Nik Kantar

Thursday, October 15, 2020
3 min read

Introducing sus

I made a URL shortener with a static site generator.

Before we begin, it’s pronounced “suss”. There’s a whole section about it in the documentation.

URL shorteners can be pretty useful. Static site generators are awesome. Why not combine the two?

That isn’t what inspired sus, but doesn’t it read well?

What did inspire my newest project was—of all things—Instagram…sorta. Ugh, I know!

Instagram doesn’t really allow tappable links in a whole lot of places. It especially doesn’t let users link Stories unless they have a business account. I don’t, so two years ago I bought to use for a URL shortener of my own. The “pub” part is meant to stand for “public”, but I’m not sure that comes across.

Anyway, I first made Publinker and used it for a while. Please don’t look at the project—it’s neither good nor complete. But it did the trick! The whole time I wanted something simpler, but couldn’t be bothered to change anything.

Recently I ran into di’s corvid project and switched to it for this very site just about immediately. It was nice to finally get off the thoroughly outdated Flask-based horror it was before, and I was exceedingly pleased with myself for being back on a static site. Shortly thereafter I made an http redirect page for another site and it hit me that an entire URL shortener could be build based on that. A flurry of commits later, here we are.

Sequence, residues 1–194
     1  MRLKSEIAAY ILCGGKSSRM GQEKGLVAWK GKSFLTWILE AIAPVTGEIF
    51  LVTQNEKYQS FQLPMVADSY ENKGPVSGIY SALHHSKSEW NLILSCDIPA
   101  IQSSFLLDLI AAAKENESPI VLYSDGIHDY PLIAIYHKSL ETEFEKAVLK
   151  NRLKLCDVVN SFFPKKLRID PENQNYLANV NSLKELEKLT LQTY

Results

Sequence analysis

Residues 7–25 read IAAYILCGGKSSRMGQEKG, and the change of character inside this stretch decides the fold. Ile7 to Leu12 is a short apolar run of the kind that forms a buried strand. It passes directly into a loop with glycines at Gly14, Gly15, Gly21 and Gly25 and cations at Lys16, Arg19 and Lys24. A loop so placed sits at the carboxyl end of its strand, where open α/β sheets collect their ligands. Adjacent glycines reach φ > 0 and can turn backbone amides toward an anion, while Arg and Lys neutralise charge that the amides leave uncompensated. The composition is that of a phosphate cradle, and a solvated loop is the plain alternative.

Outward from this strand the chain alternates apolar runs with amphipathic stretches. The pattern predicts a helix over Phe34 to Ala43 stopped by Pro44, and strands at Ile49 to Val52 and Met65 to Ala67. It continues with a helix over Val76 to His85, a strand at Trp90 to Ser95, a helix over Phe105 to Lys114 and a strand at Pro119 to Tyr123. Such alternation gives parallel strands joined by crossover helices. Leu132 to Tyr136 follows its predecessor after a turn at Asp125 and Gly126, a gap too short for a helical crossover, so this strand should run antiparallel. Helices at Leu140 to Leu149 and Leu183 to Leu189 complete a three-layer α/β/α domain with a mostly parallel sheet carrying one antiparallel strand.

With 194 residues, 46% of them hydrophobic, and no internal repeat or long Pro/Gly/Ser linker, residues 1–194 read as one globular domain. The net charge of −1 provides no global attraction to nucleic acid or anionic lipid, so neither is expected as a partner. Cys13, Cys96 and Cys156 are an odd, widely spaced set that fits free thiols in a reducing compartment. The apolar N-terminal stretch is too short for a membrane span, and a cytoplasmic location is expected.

See, an http redirect is just this:


On a static site, going to will load, and if that index.html has an http redirect, it’ll work like a charm! So that’s exactly what sus outputs.

In essence, you feed it an input file that looks something like this:

foo |
bar |

and it spits out an output/ directory that looks something like this:

├── bar/
│   └── index.html
└── foo/
    └── index.html

with output/foo/index.html that look something like this:


and output/bar/index.html that looks something like this:


which means that going to will redirect the user to" and going to will redirect the user to".

Bonus: if you feed sus a home.html file, it’ll copy it to output/index.html, giving you a homepage. Brilliant, if I may say so myself!

There’s an example site at and the source is on is on GitHub.

Happy redirecting!

P.S.: This project contains what may very well be my most pretentious commit ever. No, I’m not sorry.

Tags: projects, python

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